Local SEO for Small Business

Local SEO & Marketing for Small Business

Local SEO Marketing is a concept that has really taken hold in the last couple of years. Google has clamped down on spam links and irrelevant backlinks. Guest post blogging has, according to some important sources, also declined as a valuable link-building strategy.  There are fewer avenues for improving your results in organic search. Content and backlinks are the cornerstones of any SEO campaign but local business listings are useful and often overlooked. In fact, they appear to be more relevant than ever before.

Google search is changing. Brand-first type results will be more common in the future. Brands and verified, identifiable businesses are receiving preference in the search results. For Small Businesses, creating a trusted web property should be a priority. Creating local directory listings, where your ownership of the business is verified, can really help your search engine rankings. Local directories such as Yellow Pages, Yelp, and Zipleaf are valuable sources of traffic, links, social proof, and SEO signals.

Here is our guide to ranking local businesses on Google

Physical Address for Online Success

Local SEO map pointer

An important part of SEO for local business is having a genuine physical address.

This is not just recommended for businesses with storefronts. Online-only businesses often miss the point with local SEO. Every business, whether it’s online-only or a ‘bricks and mortar' establishment should have a physical address on their website. The address can be a residential (the home address of the owner) or commercial location (where the business has an office). Businesses with a street front presence will benefit from having a physical address promoted on their websites.

The local Business SEO NAP

If you start looking into the world of local SEO you will come across the acronym NAP. It stands for name, address, phone number.

When Google builds a profile of your business it will expect to see the same NAP on your website, social media and local directory listings. And don't forget Google MyBusiness.

If your business address is 1 Main Street, Toronto, this is exactly how it should appear on your website, Google MyBusiness and Google Maps.

Perform searches for your business name and your address to see where on the web they might appear incorrectly.
If your correct NAP is 1 Main Street, Toronto M5V 3T4, Ontario, Canada then the following variations require updating:
1 Main Street, Toronto M5V 3T4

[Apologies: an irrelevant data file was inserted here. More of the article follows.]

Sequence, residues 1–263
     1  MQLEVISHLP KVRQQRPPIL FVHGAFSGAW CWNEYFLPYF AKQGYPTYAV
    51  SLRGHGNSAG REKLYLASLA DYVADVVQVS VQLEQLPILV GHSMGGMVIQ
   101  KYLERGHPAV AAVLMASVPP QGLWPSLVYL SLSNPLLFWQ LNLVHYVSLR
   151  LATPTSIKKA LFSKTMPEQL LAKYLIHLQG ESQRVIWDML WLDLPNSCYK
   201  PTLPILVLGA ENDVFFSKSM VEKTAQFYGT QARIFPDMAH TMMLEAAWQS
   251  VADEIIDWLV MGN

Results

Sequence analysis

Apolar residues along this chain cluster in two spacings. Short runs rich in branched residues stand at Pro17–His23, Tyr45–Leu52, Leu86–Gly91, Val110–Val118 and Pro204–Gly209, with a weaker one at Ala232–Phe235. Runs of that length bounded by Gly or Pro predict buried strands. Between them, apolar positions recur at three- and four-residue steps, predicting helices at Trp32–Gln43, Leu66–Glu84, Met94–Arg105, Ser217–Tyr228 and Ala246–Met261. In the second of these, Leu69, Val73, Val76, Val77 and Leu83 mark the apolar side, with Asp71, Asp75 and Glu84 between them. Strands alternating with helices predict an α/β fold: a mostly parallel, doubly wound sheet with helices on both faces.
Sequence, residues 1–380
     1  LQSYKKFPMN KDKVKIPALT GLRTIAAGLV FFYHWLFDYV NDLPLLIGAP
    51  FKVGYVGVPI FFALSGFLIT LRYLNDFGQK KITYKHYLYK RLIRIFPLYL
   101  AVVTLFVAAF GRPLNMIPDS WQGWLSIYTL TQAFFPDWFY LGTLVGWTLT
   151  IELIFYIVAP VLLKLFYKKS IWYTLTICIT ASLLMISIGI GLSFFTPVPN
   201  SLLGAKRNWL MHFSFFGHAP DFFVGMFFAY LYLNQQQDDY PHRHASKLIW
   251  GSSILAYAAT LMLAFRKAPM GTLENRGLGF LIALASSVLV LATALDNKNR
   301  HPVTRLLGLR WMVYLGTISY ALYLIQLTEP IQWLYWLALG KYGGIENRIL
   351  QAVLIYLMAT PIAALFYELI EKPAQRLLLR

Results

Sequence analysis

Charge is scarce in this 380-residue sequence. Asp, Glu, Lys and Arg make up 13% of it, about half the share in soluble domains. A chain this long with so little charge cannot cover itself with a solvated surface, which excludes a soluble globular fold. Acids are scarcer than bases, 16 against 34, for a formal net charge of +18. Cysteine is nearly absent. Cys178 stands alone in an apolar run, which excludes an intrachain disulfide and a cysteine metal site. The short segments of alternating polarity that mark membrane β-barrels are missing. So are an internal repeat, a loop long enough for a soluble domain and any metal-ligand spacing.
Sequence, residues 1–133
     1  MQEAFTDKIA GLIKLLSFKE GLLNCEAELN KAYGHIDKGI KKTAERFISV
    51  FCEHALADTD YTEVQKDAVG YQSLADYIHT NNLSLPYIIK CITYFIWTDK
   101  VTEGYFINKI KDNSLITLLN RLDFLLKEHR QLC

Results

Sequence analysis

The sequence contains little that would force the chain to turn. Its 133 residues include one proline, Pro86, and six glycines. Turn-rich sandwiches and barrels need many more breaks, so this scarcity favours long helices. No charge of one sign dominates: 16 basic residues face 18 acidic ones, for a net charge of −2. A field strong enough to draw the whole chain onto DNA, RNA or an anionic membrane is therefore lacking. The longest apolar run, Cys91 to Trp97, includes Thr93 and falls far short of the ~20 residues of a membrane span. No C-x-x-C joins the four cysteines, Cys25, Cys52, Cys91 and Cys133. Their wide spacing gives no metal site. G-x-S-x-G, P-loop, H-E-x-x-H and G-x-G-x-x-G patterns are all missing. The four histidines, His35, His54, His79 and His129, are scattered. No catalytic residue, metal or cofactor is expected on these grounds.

1 Main Street, Ontario
1 Main Street, Toronto, Ontario Canada

Google My Business and Google Maps

One thing that will really help your local SEO rankings are reviews on Google My Business (ex-Google Places). Ask your customers, clients, and friends, to leave reviews about your business. This will help boost your local search rankings. We don’t recommend buying reviews or doing anything shady. As Google integrates more intelligent algorithms into search, websites can pay dearly for their previous black hat tactics.

When a customer looks for a local service they will generally use a geographical location in the search term. “Galway digital agency” or “outdoor gear Dublin” are examples. This is a signal to Google that you require the services of a local company. A typical Search Engine Results Page (SERP) might look like this:

local SERP results with Google 3 Pack Local business SEO guide

Note the top three highlighted businesses under the map. We call this the Google 3-pack or local snack pack. It’s where you want your business to appear in the Search Engine Results Page (SERP). The Click Through Rate (CTR) on these results is very high.

Local SEO Strategy Plan

These 9 steps should be a priority for improving your local SEO strategy:

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1. Create a Google MyBusiness listing. Use the exact same name, address, and phone number (NAP) that appears on your business card and website.

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2. Add your address and phone number in a prominent location on your website. The footer is a good location to add these details as the footer displays on every page view.

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3. Some local business websites do not use the .co.uk, .de, .com.au or whatever your top-level domain happens to be. If your business domain ends in .com, change the international target location in Google Search Console to point to your country.

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4. Check for, and remove, any duplicate entries in Google Maps. If you created a Google Plus page in the past make sure you clear up duplicates when starting a new Google My Business page. A single unique Google Plus page and a single Maps location is the goal to achieve.

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5. Search for your address or parts of your address in Google and Bing and check for incorrect listings. Try “100 Main Street, Dublin D11 YE04”, try “100 Main street” or “YourBusinessName 100 Main Street”. Find all incorrect listings and address them.

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6. Suppliers, partners, and clients in your general geographic area are ideal sources of links. This is especially true if their website is built on a .ie domain. Ask these businesses to link to you. There are a few technical strategies involved in link-building, which I won’t go into here.  The quality of a link will depend on several factors but any link from a relevant source is good. A good SEO consultant will understand exactly how the link should appear.